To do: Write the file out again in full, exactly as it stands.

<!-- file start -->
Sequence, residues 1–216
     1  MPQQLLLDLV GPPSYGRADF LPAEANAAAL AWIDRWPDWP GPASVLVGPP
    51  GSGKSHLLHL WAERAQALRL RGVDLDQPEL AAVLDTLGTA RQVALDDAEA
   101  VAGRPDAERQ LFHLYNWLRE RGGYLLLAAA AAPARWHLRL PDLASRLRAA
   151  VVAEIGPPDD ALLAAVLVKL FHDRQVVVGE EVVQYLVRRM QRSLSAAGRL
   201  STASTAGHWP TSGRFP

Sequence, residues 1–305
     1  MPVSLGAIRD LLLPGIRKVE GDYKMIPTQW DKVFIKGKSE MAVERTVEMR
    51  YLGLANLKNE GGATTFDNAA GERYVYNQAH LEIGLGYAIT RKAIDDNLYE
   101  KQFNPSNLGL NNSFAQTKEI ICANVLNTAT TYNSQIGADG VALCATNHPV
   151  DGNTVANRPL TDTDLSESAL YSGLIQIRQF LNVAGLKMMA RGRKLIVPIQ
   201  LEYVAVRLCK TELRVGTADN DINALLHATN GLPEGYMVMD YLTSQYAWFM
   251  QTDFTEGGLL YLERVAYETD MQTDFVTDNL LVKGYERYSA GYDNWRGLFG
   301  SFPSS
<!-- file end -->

Sequence, residues 1–216
     1  MPQQLLLDLV GPPSYGRADF LPAEANAAAL AWIDRWPDWP GPASVLVGPP
    51  GSGKSHLLHL WAERAQALRL RGVDLDQPEL AAVLDTLGTA RQVALDDAEA
   101  VAGRPDAERQ LFHLYNWLRE RGGYLLLAAA AAPARWHLRL PDLASRLRAA
   151  VVAEIGPPDD ALLAAVLVKL FHDRQVVVGE EVVQYLVRRM QRSLSAAGRL
   201  STASTAGHWP TSGRFP

Sequence, residues 1–305
     1  MPVSLGAIRD LLLPGIRKVE GDYKMIPTQW DKVFIKGKSE MAVERTVEMR
    51  YLGLANLKNE GGATTFDNAA GERYVYNQAH LEIGLGYAIT RKAIDDNLYE
   101  KQFNPSNLGL NNSFAQTKEI ICANVLNTAT TYNSQIGADG VALCATNHPV
   151  DGNTVANRPL TDTDLSESAL YSGLIQIRQF LNVAGLKMMA RGRKLIVPIQ
   201  LEYVAVRLCK TELRVGTADN DINALLHATN GLPEGYMVMD YLTSQYAWFM
   251  QTDFTEGGLL YLERVAYETD MQTDFVTDNL LVKGYERYSA GYDNWRGLFG
   301  SFPSS